PhD Student for Geothermal Energy and Geofluids
Geothermal Energy & Geofluids
Institute of Geophysics
NO F 51.1
CH-8092 Zurich Switzerland
|Phone||+41 44 632 2558|
|Dominique Ballarin Dolfin|
|Phone||+41 44 632 3465|
Underlined names are links to current or past GEG members
REFEREED PUBLICATIONS IN JOURNALS
Luo, W., A. Kottsova, P. J. Vardon, A.C. Dieudonne, and M. Brehme, Mechanisms causing injectivity decline and enhancement in geothermal projects, Renewable and Sustainable Energy Reviews, 185, 2023. https://doi.org/10.1016/j.rser.2023.113623 [Download] [View Abstract]In geothermal projects, reinjection of produced water has been widely applied for disposing wastewater, supplying heat exchange media and maintaining reservoir pressure. Accordingly, it is a key process for environmental and well performance assessment, which partly controls the success of projects. However, the injectivity, a measure of how easily fluids can be reinjected into reservoirs, is influenced by various processes throughout installation and operation. Both injectivity decline and enhancement have been reported during reinjection operations, while most current studies tend to only focus on one aspect. This review aims to provide a comprehensive discussion on how the injectivity can be influenced during reinjection, both positively and negatively. This includes a detailed overview of the different clogging mechanisms, in which decreasing reservoir temperature plays a major role, leading to injectivity decline. Strategies to avoid and recover from injectivity reduction are also introduced. Followed is an overview of mechanisms underlying injectivity enhancement during reinjection, wherein re-opening/shearing of pre-existing fractures and thermal cracking have been identified as the main contributors. In practice, nevertheless, mixedmechanism processes play a key role during reinjection. Finally, this review provides an outlook on future research directions that can enhance the understanding of injectivity-related issues.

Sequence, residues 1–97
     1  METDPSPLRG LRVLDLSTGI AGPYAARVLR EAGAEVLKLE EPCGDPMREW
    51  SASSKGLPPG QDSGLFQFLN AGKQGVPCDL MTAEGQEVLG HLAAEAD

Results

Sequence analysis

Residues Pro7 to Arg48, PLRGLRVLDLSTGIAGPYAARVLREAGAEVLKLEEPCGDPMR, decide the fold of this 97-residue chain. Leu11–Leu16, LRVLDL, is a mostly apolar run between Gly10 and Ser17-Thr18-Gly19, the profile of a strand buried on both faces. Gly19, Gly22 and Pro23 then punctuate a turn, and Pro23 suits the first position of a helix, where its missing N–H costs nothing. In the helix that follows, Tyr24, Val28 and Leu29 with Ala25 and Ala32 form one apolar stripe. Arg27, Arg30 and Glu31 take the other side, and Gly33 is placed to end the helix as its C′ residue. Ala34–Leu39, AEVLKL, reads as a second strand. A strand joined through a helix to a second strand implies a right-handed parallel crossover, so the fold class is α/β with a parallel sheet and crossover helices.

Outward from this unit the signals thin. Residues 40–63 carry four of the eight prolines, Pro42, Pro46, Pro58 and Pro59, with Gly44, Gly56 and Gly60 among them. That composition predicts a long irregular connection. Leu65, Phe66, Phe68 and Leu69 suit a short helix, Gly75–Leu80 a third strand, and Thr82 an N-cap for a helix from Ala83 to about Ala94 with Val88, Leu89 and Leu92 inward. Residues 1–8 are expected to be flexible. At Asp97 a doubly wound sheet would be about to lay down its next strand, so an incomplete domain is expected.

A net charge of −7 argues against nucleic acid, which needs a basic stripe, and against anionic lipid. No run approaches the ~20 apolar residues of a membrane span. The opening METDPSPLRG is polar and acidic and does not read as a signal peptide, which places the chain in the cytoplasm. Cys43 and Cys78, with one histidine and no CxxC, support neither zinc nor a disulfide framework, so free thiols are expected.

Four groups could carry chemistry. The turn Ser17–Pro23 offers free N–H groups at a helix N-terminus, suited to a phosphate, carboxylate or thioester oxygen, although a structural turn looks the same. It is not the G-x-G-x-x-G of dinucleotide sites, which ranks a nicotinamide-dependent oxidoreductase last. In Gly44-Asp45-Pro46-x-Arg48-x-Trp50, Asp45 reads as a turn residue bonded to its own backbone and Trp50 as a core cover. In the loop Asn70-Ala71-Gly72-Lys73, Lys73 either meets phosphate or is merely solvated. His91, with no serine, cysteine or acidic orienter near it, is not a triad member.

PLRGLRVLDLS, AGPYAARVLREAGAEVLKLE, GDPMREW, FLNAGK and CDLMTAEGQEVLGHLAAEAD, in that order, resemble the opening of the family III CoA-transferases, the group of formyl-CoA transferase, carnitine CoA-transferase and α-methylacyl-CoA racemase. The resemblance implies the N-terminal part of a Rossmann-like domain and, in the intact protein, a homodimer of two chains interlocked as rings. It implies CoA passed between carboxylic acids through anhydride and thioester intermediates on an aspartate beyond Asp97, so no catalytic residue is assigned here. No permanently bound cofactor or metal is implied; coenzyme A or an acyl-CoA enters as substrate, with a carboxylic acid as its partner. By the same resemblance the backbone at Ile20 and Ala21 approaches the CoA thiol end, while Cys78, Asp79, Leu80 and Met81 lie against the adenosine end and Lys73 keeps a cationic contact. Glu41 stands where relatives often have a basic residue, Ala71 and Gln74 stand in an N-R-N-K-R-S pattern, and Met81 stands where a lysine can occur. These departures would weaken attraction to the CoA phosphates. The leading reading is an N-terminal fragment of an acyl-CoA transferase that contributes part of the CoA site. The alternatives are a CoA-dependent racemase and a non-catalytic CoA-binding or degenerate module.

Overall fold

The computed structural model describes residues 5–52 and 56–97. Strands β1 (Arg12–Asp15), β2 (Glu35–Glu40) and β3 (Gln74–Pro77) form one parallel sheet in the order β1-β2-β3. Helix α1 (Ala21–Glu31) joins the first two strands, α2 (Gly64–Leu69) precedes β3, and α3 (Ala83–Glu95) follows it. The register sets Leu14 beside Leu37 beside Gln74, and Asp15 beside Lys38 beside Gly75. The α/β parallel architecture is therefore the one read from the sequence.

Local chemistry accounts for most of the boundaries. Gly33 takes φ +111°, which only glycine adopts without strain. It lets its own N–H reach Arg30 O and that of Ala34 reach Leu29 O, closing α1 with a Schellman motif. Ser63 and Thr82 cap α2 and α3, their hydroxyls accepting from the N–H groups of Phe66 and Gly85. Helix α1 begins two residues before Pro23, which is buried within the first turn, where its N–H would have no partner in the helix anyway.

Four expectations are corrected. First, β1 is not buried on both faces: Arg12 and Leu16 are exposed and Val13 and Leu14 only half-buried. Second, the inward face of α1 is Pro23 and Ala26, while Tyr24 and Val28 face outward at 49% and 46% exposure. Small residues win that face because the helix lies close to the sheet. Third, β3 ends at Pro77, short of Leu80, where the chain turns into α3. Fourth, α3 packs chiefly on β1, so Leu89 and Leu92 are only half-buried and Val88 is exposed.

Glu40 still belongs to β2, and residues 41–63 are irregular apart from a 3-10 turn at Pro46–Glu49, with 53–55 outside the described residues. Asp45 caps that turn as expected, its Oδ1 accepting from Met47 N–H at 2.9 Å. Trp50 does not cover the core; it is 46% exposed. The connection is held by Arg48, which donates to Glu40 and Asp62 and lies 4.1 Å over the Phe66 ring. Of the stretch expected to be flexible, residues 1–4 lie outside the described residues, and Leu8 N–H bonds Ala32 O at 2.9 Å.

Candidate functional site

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Rangel Jurado, N., X-Z. Kong, A. Kottsova, M. Brehme, F. Games, and M.O. Saar, Experimental characterization of the chemical reactivity of wet scCO2 under elevated pressure and temperature conditions, Society of Core Analysts Annual Symposium , 2023. [View Abstract]CO2-Plume Geothermal (CPG) systems have been proposed as an affordable and scalable strategy to deploy Capture, Utilization, and Storage (CCUS) globally. These systems utilize CO2 to extract geothermal energy from the subsurface while ensuring its permanent sequestration in geologic formations. Unlike conventional hydrothermal systems that use water or brine, CPG utilizes pure supercritical CO2 (scCO2) or water-bearing scCO2 as the subsurface working fluid. While the thermal-hydraulic performance of CPG systems has been extensively studied, their chemical behavior remains largely unexplored due to a lack of field and experimental observations. In this study, we address this knowledge gap by investigating the chemical performance of CPG systems through core-scale laboratory experiments. We conducted batch reactions on rock specimens from the Muschelkalk and Gipskeuper formations in Switzerland, subjecting them to interactions with wet scCO2 under reservoir conditions (~35 MPa, 150 °C) for approximately 500 hours. High-resolution techniques, including scanning electron microscopy (SEM), X-ray diffraction (XRD), X-ray computed tomography (XRCT), and stable isotope analysis, were employed to characterize the evolution of petrophysical properties, morphology, and mineralogical composition. Furthermore, we analyzed fluid effluents using inductively coupled plasma optical emission spectroscopy (ICP-OES) to gain insights into ion transport processes associated with dissolution reactions. Our results indicate that fluid-mineral interactions involving CO2-rich supercritical fluids are less severe than those caused by aqueous solutions. Nonetheless, the existence of dissolved ions in the wet CO2 samples is clear evidence of ion dissociation caused by the gaseous phase that warrants further investigation. This experimental investigation provides critical insights into fluid-mineral interactions involving CO2-rich fluids and represents a crucial step in ensuring the long-term security and technical feasibility of deploying global CCS and CO2-based geothermal energy.